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Coping with the diagnosis of a parent or loved with dementia is difficult to process. You may also be worried about how younger children in the family will be affected.

 

It is natural to want to protect your children from worrying situations but if you are looking for guidance on whether to tell your children about a family member’s diagnosis or wondering how best to deliver the news, then read on for some words of advice.

 

Should you tell young children about dementia?

 

Only you can decide on what is best to tell your child. Depending on their age, how close they are to the family member or how sensitive they are to news like this, will all be factors.

 

They may have already picked up on the fact that something is wrong with the family member. Children are very perceptive and also good at listening into phone conversations! It may give them peace of mind to know.

 

If children have noticed that someone’s behaviour is strange, they may blame themselves or think it is because of them. Knowing that they have a disease could help them to understand and not take any out of character behaviour to heart.

 

We won’t always be able to shelter children, learning how to cope with events can help them learn valuable skills. Children are quite resilient and are often surprisingly able to manage emotions well at a young age.

 

How to tell your children about dementia…

 

It is important to adapt your language when speaking to younger children – avoid confusing medical terms and try not to go into too much detail as they won’t be able to process all of the information.

 

Speak to them in a quiet place, away from the distractions of a video game or TV. Allow them to ask questions and make sure they know they can talk about it if anything is upsetting them.

 

A way to explain dementia to a young child is that it is an illness of the brain. The brain then has difficulty doing the things it needs to do – for example remembering things, speaking or understanding. Explain that it is not contagious and that the person is not in any pain from their dementia. They may not seem like themselves sometimes, but they are still the same person.  Reassure them that they are getting help from doctors and that they are being cared for.

 

Your child may want to help – perhaps find some activities they can do together and take them with you to visit if appropriate.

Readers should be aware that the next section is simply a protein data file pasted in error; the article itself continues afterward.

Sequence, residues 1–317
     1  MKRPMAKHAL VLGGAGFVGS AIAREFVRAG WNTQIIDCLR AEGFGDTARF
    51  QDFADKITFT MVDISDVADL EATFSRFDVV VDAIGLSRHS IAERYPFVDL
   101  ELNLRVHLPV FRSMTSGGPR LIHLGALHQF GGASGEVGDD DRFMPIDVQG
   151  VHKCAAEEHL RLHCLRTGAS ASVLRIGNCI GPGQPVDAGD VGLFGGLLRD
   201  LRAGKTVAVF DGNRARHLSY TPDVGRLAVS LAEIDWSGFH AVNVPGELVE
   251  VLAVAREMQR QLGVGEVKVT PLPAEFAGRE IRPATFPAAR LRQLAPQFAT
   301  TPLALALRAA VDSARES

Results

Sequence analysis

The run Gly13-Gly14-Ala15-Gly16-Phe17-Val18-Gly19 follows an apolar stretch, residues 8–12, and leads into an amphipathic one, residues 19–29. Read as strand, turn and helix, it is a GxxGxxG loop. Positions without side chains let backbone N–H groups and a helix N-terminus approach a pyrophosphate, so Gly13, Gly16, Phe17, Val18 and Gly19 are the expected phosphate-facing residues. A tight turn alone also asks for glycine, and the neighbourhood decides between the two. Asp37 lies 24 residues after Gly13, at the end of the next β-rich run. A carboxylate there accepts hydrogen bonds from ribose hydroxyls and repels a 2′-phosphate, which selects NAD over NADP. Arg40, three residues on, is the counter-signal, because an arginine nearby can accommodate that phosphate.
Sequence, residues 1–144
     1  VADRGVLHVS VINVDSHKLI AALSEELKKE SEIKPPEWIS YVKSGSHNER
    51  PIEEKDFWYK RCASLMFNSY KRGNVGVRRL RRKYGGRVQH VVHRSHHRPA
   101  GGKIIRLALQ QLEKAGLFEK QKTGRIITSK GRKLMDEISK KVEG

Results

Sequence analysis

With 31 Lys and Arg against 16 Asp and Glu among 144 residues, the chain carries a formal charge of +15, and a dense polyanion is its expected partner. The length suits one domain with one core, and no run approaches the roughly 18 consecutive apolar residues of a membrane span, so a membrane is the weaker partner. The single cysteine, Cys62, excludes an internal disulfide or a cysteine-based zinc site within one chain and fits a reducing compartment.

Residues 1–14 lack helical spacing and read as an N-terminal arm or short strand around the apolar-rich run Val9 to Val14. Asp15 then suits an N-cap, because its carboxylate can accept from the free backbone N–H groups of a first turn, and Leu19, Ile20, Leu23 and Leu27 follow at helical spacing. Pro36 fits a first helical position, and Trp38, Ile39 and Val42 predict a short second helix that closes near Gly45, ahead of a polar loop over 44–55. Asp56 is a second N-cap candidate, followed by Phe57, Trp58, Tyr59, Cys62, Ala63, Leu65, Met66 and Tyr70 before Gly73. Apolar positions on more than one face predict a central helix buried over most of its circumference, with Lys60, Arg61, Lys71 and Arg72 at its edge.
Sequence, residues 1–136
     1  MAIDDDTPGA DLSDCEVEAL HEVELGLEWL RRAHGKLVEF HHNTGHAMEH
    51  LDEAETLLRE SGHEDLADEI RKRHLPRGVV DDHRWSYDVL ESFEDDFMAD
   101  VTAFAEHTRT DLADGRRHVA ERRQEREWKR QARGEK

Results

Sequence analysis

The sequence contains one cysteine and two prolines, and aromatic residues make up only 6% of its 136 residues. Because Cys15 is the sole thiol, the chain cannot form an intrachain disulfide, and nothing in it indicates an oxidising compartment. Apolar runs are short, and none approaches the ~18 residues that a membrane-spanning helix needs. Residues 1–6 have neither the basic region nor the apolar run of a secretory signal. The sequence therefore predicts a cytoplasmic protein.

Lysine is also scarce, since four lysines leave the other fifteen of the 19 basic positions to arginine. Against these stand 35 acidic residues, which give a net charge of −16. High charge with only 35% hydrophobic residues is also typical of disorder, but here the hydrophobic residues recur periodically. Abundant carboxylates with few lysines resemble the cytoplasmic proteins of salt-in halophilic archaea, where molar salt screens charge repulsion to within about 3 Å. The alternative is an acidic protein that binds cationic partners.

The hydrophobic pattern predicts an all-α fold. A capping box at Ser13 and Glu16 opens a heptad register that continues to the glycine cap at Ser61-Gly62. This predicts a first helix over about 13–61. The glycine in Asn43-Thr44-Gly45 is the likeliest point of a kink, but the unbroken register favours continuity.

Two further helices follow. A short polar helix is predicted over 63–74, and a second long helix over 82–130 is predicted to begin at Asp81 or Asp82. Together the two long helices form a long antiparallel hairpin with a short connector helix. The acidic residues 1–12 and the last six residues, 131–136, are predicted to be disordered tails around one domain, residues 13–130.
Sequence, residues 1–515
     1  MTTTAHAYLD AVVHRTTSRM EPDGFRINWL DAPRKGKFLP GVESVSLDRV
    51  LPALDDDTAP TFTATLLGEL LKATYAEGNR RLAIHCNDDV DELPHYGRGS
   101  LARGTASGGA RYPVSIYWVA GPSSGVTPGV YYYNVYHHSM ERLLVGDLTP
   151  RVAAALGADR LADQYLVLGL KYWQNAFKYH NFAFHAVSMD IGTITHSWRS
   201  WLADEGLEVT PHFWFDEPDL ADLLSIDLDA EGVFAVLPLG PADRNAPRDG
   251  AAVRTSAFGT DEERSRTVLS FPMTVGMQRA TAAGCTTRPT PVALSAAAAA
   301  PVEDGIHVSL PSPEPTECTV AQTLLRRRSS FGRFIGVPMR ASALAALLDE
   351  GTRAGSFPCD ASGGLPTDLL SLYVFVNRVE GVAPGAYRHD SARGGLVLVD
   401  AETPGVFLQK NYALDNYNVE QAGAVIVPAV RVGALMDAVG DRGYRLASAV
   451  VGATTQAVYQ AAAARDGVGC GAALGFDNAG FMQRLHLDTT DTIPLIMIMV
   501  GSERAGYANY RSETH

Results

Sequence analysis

Alzheimer’s UK has developed a website specifically aimed at children and teens to explain the disease in a way they can relate to. There are also numerous pamphlets, books and videos that have been designed for children, links to some of these resources are included at the end of this article.

How are children likely to cope?

 

Children will cope in different ways when reacting to the news of dementia. Children are often quite fickle and may only be affected if they are in regular, close contact with the family member so that it impacts on their day to day life.

 

They may feel sad or anxious, as you will do too. Support each other and talk about how you are all feeling.

 

Young children could feel irritated when they need to repeat themselves or feel angry and rejected if the person does not remember their name or who they are. Reassure them that this is just the disease and that they love them very much.

 

Children may also feel as though they have suffered a loss – particularly if the relative played an active part in their lives. They may not be able to do the things they used to do any more, like take care of them, go for days out or play games. Comfort the child, talk about the great memories they have and try to keep a family tradition going – even if it is a particular walk they took together, or a card game they enjoyed.

 

It can be very difficult to deal with the emotional side of a dementia diagnosis and your priority is likely to be the care and wellbeing of your relative.

 

It is important, however, to make sure that the legal issues are dealt with, for example do they have both Property & Financial Affairs and Health & Welfare LPAs in place?   If they haven’t already done so, contact us today on 01256 844888 to discuss the situation with a specialist lawyer.

 

If they are not able to make a Lasting Power of Attorney in relation to Property & Financial Affairs, someone would need to apply to the Court of Protection to be appointed to act as their Deputy.

 

Lamb Brooks have the largest private client team in North Hampshire, specialising in elderly and vulnerable client care. Our team are Dementia Friends and are members of STEP (Society of Trusts and Estate Practitioners) and Solicitors for the Elderly.

 

Their gentle, patient yet professional approach is often commented on by clients and their families as they help support them through difficult family times.

 

If you need legal guidance for a relative with dementia or are concerned about your own legal affairs should something happen to you, then please get in touch with Debbie Duggan on 01256 84488 or email debbie.duggan@lambbrooks.com today.

 

Useful Links

https://kids.alzheimersresearchuk.org/

https://www.youngdementiauk.org/sites/default/files/MilksInTheOven.pdf

http://gloriousopportunity.org/thedragonstory.php

https://www.youngdementiauk.org/dementia-books-children

 

 

 

The contents of this article are for the purposes of general awareness only. They do not purport to constitute legal or professional advice.  The law may have changed since this article was published.   Readers should not act on the basis of the information included and should take appropriate professional advice upon their own particular circumstances.